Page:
That's right. What the PGA Tour's position has done is to make the Champions tour seem less legitimate than it is. The PGA Tour is taking the position in this litigation that if you're playing on the Champions tour, you can cheat all you want. And if that is going to be part of Tim Finchem's legacy when he leaves, that's part of his legacy.
From where I'm sitting there have been two major turning points in this lawsuit. You were originally seeking documents spanning the entire history of the PGA Tour's anti-doping efforts, but the judge limited the scope of your discovery to the Tour's handling of deer antler spray cases. Vijay is one of only four players to run afoul of the Tour's anti-doping program. Did you uncover any evidence to suggest that the Tour's drug problem runs deeper than that?
I believe based on anecdotal information that the Tour has not acted consistently with the way it disciplines golfers, that there are certain golfers with certain positions in the golf world who have been given a wink and a nod. And I think the Tour was very, very concerned about our discovery being as broad as we tried to make it. I also think if we were to have been allowed to discover the process which led to the creation of the anti-doping program, the world would have learned that it was less rational, less thorough, less thought out than behooves a professional organization. You know, you have to ask the Tour what it has been trying to hide. Every step of the way in this litigation, the Tour has been trying to hide. The Tour has been trying to hide how it treats other golfers. The Tour has been trying to hide how it created this policy. The Tour has been trying to hide its communications with WADA. The Tour insisted on a confidentiality agreement before it would provide any discovery, which for a long time caused us to have to redact almost every aspect substance from our papers. Now, finally, the judge, as we've approached trial, made it clear that that kind of game playing by the PGA Tour had to stop. And that's why we were able to file papers which make it more clear what our position is.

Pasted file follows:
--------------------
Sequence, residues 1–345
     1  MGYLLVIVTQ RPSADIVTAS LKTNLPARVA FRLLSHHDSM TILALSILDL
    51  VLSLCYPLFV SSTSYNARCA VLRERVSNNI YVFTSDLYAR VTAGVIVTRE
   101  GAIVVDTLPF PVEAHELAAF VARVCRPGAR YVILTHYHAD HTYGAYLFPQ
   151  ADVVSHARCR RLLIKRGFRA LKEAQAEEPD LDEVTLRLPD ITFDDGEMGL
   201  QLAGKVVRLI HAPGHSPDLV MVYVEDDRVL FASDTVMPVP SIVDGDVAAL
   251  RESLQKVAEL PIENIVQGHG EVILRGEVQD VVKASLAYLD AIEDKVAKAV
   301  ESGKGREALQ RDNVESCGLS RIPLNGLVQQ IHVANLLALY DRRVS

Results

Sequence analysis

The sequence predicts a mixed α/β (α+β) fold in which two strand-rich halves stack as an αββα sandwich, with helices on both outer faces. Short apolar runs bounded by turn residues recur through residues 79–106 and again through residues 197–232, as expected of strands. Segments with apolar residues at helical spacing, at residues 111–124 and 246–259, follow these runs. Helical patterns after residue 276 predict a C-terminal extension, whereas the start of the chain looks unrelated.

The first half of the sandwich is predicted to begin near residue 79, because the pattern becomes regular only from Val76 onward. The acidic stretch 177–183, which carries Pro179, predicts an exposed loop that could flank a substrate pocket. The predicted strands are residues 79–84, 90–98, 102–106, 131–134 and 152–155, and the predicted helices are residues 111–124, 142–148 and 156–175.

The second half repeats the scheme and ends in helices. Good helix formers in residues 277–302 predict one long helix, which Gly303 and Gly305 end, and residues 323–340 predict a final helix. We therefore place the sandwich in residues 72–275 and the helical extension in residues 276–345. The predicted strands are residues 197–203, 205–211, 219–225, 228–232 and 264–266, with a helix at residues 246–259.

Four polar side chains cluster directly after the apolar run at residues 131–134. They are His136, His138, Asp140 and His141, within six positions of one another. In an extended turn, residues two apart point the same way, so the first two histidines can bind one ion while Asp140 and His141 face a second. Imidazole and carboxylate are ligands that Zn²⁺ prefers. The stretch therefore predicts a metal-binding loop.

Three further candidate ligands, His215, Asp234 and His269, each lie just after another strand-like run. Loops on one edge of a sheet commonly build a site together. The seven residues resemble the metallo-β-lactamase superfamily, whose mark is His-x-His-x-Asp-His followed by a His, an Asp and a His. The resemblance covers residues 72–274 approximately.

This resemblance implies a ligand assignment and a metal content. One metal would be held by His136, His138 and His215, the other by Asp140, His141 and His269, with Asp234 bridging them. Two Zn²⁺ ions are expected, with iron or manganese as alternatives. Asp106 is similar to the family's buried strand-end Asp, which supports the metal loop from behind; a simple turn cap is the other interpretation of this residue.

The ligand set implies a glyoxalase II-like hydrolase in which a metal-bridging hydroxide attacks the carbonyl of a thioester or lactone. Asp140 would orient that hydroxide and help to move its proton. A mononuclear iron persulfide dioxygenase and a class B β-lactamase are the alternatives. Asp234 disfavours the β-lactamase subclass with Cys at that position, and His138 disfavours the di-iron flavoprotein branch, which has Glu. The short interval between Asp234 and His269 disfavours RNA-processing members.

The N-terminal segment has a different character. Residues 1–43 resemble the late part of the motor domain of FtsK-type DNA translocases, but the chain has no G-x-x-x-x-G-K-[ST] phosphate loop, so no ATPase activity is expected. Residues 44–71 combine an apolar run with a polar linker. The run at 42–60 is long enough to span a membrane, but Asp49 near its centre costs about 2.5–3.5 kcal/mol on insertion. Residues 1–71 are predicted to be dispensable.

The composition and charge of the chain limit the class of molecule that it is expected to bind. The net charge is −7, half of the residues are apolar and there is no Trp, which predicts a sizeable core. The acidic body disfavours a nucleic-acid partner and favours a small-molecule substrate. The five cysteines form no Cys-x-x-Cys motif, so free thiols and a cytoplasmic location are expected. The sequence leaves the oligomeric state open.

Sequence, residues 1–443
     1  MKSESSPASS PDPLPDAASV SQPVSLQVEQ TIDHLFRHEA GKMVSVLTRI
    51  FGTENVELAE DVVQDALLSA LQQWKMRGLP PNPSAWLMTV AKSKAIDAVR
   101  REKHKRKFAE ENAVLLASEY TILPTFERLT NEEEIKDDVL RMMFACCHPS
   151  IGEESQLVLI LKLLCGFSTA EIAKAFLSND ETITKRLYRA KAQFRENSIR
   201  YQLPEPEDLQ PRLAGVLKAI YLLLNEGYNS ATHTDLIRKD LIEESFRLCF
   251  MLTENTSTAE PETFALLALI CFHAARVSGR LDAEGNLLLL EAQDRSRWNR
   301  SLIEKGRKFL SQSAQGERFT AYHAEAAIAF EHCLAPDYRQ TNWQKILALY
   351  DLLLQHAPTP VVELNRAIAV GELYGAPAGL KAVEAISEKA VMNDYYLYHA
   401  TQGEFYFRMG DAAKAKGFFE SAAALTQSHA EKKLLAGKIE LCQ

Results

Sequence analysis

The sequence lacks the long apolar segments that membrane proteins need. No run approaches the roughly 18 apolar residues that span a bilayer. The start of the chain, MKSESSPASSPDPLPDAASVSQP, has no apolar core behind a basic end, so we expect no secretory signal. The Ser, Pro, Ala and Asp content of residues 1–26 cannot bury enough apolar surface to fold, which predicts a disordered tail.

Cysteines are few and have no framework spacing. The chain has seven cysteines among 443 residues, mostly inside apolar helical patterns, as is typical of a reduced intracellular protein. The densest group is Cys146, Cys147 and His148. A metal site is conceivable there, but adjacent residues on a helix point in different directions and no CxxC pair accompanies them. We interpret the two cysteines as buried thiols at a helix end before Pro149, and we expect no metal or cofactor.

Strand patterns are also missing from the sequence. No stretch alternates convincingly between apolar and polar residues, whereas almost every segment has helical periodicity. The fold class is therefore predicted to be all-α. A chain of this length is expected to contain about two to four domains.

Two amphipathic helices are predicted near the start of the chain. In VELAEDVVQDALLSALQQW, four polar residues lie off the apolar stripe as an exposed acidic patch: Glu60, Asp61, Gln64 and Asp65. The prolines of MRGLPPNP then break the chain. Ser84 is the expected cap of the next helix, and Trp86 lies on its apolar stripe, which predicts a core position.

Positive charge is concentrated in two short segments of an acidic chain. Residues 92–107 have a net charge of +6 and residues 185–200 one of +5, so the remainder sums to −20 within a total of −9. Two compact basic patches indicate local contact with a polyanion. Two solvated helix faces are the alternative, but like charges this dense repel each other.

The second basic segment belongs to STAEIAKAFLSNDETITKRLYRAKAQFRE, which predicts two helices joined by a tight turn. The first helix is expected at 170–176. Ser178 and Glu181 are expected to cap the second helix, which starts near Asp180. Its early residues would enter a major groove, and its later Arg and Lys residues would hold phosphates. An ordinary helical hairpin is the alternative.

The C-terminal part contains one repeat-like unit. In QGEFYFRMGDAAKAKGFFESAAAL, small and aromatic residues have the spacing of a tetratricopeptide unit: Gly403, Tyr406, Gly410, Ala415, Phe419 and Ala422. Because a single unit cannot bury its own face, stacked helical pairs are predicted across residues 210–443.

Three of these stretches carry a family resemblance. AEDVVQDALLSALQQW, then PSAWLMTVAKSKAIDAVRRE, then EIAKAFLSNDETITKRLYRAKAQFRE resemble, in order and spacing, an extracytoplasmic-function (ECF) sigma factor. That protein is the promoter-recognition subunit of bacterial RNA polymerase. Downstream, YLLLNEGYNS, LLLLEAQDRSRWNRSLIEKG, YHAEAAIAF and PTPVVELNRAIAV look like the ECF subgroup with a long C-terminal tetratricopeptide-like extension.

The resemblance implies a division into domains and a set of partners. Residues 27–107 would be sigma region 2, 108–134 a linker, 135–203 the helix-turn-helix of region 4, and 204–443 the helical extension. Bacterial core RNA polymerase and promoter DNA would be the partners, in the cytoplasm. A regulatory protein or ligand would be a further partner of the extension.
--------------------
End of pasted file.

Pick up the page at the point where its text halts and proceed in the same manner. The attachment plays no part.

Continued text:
That ruling was the second big turning point in the case. Why was that such a huge blow to the Tour's case?
Well, like I said, the Tour has been trying to hide pertinent parts of how it treats golfers. And one important aspect of this case is the dynamic between, for lack of a better way to phrase it, labor and management. The Tour has taken the position that it's management and, "You can't see what we do behind the curtain. We just do what we want to do, whether it's arbitrary, whether it's capricious. We have the right to behave any way we want." And the discovery, as limited as it might have been, and now our ability to set the record straight about what occurred, I think has allowed Vijay to disclose to his fellow golfers and to the public generally why this case is so important. My view is that this case is important both to Vijay personally and because there are labor management issues that are important. And Vijay, I think, has a right, and his fellow golfers have a right, to pull the curtain back and learn everything about management and how the executives of the PGA Tour treat golfers, feel about golfers, how seriously they do or don't take their responsibility to treat everybody equally and fairly. Those are important issues, whether it's in the golf world or at the GM plant. And workers have a right to know that stuff.